To me, this doesn't make sense. When starting, the large starter motor current (around 60A?) will cause a noticeable voltage drop across the length of #4 wire. You can easily measure this by putting a voltmeter on the solenoid bat terminal when cranking. Often, the #4 wire size is undersized, given the total length of the "back and forth" wiring runs, and the voltage drop upon cranking is enough to "crash" sensitive electronics, even though the starter couldn't care less about it.

Instead, why not have a positive DC bus bar located close to the battery switch. The #4 starter cable, and ALL other DC loads, can come off of here. This avoids propagating the large-ish voltage drop of the starter circuit into all of the boat's electronics.

On my boat, with the original "conventional" wiring, the autopilot crashes and resets to "standby" mode when the engine is started, and the AIS portion of the radio hangs and simply stops producing position reports. Both of these conditions are easy to initially overlook until you realize that "something's not right!..."

In my upcoming DC rewiring/Lithium Battery upgrade, I plan to go even one step further, using a dedicated start battery that will completely isolate the starting transients from the DC house bus.
@(^.^)@ Ed
1977 Pearson P-323 "Dolce Vita"
with rebuilt Atomic-4

Last edited by edwardc; 08-10-2022 at 02:57 PM. Reason: Spellcheck
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Old 08-10-2022, 03:34 PM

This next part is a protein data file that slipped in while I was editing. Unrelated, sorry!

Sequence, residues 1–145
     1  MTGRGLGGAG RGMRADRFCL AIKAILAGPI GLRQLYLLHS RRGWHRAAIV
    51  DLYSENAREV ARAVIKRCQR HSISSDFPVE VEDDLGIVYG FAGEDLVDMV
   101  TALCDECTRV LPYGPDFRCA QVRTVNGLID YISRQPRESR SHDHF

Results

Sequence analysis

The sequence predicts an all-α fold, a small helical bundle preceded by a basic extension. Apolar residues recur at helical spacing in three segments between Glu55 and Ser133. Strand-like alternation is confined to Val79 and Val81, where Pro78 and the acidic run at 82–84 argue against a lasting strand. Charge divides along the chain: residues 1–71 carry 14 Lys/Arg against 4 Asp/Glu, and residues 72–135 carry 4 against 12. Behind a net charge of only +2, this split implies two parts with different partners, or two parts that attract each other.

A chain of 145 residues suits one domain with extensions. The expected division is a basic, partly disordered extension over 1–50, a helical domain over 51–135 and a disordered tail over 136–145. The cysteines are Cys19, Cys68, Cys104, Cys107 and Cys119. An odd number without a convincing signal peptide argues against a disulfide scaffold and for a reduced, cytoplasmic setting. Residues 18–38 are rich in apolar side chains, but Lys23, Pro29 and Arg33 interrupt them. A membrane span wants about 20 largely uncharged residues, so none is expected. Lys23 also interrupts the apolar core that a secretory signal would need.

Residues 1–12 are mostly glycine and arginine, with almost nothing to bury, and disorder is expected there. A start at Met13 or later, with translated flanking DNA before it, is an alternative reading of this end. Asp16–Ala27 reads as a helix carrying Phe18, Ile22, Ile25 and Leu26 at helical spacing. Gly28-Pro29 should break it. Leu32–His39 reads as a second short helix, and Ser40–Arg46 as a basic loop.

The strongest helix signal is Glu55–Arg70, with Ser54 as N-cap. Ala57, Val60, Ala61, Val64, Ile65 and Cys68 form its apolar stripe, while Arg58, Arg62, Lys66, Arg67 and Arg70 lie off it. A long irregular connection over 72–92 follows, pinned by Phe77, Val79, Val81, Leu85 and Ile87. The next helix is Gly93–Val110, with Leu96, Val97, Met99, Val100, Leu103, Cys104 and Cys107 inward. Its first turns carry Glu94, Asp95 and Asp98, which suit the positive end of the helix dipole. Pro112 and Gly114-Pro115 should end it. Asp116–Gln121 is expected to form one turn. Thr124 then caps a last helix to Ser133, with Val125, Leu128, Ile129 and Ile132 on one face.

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This is a simplified diagram of my DC power wiring and what my battery switch looks like. The panel handles house, engine, and manual parallel. The hour meter and inverter switch are to the left of the panel.
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Last edited by joe_db; 08-10-2022 at 03:39 PM.
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Old 08-10-2022, 08:12 PM
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Al Schober Al Schober is offline
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My Tartan 30 ('73 vintage) had 2 group 27 batteries and an A/B switch when purchased.
When I sold it (30 yrs later), it had a group 24 dedicated to the engine and 2 group 27 batteries dedicated to the house loads. Each battery/bank had an on/off switch. Alternator output went directly to the house bank. When the house bank came up to voltage (12.8 or so) a VSR would close and send charge current to the start battery. System worked well.
I also had a battery monitor (Victron?) but only trusted the voltage and current readings. I never got to fully trust the 'state of charge' display. I learned to read the voltage/current during charge/discharge and judge how the battery was doing.
I never did install one of those 'emergency start' systems. Jumper cables seemed to satisfy the need, and never needed them.
Consider your needs and have your electrical system satisfy them. I had no TV or microwave, but did carry a 100W inverter. An inverter bigger than that won't work on a lighter plug but will need a better connection (hard wire?).
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Old 08-11-2022, 11:22 AM
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Basic guidelines:
Get rid of the stock ammeter if you still have it, the alternator needs to be connected to the batteries by short and heavy cable with appropriate protection.
Get a voltmeter.
Don't divide the banks evenly, depth-of-discharge is everything to battery life. You want the biggest house bank you can manage and all you need is a group 24 or U1 size battery to start the engine.
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Old 08-11-2022, 02:25 PM
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No relation to this person, but one of my battery panels came up on Fleabay: